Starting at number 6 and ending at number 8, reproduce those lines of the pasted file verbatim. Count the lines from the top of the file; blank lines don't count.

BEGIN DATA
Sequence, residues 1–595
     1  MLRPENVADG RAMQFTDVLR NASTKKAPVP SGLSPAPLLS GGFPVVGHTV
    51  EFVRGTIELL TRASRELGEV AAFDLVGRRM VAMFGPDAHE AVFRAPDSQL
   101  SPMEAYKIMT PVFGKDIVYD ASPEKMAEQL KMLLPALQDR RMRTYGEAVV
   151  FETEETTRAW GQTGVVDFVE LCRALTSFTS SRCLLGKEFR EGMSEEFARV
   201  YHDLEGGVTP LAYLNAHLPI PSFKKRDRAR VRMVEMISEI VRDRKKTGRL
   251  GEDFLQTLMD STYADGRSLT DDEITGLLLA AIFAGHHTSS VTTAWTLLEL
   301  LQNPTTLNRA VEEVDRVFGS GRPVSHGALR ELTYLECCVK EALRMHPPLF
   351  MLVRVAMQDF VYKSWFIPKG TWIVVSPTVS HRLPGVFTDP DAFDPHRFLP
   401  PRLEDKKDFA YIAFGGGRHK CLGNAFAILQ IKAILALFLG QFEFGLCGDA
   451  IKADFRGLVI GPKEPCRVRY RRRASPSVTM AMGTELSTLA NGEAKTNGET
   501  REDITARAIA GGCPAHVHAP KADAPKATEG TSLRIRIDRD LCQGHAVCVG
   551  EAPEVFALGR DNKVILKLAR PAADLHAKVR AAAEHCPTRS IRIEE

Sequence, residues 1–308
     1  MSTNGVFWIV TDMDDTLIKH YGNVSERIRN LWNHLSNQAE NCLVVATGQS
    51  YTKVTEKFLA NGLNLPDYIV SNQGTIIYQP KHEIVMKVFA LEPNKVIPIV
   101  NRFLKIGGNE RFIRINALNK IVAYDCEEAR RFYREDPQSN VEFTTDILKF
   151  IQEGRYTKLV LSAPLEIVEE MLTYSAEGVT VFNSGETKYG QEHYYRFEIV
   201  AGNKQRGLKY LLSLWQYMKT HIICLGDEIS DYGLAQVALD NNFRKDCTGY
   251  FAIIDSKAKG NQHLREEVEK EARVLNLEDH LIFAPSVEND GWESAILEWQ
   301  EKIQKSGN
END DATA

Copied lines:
   201  YHDLEGGVTP LAYLNAHLPI PSFKKRDRAR VRMVEMISEI VRDRKKTGRL
   251  GEDFLQTLMD STYADGRSLT DDEITGLLLA AIFAGHHTSS VTTAWTLLEL
   301  LQNPTTLNRA VEEVDRVFGS GRPVSHGALR ELTYLECCVK EALRMHPPLF